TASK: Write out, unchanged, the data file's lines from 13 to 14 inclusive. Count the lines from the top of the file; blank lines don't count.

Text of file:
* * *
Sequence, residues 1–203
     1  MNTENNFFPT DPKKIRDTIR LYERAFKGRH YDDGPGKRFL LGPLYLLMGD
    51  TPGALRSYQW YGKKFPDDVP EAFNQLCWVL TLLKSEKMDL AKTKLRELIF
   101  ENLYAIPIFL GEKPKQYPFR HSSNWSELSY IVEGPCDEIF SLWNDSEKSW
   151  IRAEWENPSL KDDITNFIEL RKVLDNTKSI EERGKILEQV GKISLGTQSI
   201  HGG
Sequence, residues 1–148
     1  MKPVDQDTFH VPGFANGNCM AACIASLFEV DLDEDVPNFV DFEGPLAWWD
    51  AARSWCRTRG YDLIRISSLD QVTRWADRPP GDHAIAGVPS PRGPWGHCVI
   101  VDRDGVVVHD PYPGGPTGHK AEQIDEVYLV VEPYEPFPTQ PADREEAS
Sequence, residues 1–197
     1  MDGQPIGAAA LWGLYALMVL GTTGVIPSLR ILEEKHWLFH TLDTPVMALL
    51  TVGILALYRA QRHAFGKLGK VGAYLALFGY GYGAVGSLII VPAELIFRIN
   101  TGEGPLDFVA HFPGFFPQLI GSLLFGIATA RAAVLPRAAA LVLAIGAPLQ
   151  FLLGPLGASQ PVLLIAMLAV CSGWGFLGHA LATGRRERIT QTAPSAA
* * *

    51  TVGILALYRA QRHAFGKLGK VGAYLALFGY GYGAVGSLII VPAELIFRIN
   101  TGEGPLDFVA HFPGFFPQLI GSLLFGIATA RAAVLPRAAA LVLAIGAPLQ